Ciao Italy!

With two days left, sore knees and thickening waistlines from all the delicious pasta and gelato, we decided to re-visit the Tower of Pisa. We both had been there in the seventies when it was still leaning precariously at 10.5 degrees. In the late nineties the bell tower was in danger of collapsing and restoration work started. After securing the building with cables around it’s third level which were anchored in a far distance, workers removed huge amounts of soil from underneath the raised end of the tower. Thus the lean was reduced by 5.5 degrees to a safer 5 degree angle. Additionally the outer surfaces of the tower and it’s beautiful Cathedral Di Santa Maria were cleaned and rehabilitated from hundreds of years of exposure to pollution and weather. 

How forceful the effect of weather can be we experienced after climbing the spiral staircase and exiting at the top level. A sudden windstorm blew with such a force through the lofty belfry that we had to brace ourselves against it and kids started to cry out clinging to their parents. It was gone as quickly as it came, and we could enjoy the marvellous view.

The last day we spent in Monterosso visiting the Oratory of the Dead. It bears witness to one of the two fraternities formed in the catholic church to withstand the growing influence of the Lutheran movement. The “Black fraternity” as it called themselves not only looked after funeral procedures but also took care of widows and orphans. Their sign was the skull, crossbones and hourglass.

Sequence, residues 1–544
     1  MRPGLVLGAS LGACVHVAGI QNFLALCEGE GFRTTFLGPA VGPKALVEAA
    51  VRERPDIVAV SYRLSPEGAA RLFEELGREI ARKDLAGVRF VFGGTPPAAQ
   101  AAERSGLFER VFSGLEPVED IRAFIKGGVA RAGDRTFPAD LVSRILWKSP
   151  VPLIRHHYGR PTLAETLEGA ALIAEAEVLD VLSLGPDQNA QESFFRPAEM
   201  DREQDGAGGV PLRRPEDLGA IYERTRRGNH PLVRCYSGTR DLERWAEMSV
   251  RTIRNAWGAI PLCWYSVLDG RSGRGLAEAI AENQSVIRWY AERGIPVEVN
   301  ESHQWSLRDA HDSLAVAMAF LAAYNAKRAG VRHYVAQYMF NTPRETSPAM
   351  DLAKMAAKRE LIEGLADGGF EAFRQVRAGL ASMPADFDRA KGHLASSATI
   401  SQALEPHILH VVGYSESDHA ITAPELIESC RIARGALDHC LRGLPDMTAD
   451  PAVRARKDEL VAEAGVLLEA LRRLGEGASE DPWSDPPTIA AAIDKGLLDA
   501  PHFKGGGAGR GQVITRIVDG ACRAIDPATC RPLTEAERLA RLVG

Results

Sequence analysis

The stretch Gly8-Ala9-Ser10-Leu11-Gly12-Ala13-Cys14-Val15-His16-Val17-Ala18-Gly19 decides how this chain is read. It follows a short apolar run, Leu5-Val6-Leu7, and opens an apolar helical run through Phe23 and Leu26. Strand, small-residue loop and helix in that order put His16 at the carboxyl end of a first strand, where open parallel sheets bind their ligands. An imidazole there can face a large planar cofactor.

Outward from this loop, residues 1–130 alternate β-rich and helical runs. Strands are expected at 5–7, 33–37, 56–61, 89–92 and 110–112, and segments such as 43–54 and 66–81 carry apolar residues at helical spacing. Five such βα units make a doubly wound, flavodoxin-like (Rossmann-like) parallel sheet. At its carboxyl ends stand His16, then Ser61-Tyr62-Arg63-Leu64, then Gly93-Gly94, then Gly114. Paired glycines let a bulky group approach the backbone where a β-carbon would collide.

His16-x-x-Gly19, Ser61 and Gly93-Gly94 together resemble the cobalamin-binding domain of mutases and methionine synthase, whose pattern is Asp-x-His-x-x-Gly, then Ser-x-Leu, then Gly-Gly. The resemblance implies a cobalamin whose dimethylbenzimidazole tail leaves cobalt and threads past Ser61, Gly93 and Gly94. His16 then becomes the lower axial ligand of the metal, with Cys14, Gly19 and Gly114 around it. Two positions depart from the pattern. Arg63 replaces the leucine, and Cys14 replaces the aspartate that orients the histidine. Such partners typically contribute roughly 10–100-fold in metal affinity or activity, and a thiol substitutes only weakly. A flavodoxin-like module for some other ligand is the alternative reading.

Staying on the religious pilgrimage we then followed the path of the Capuchin monks up to the statue of Saint Francis overlooking the whole of Cinque Terre.

From here the path continues upwards to the small church, minded by the last Capuchin Friar and harbouring “The Crucifixion “ by the famous Dutch painter van Dyke. The ruins of the former castle on the very top of the hill houses the towns cemetery. Lots of fresh and artificial flower tributes placed at the white marbled crypts are showing respect and love for the persons passed.

In the morning we left Levanto on the early 7.59am train to Genoa where the Volabus took us to the airport well ahead of time for our return flight to Amsterdam. Only to hear at the check-in that the plane was overbooked by 10 seats and we might not get on. So we held onto our suitcases for dear life before getting the ‘all clear’ 20 minutes prior to departure. Phew! We didn’t know then that there was damage on the train tracks between Amsterdam and our home port and that we still had a long day ahead!

© Austin Robinson 2019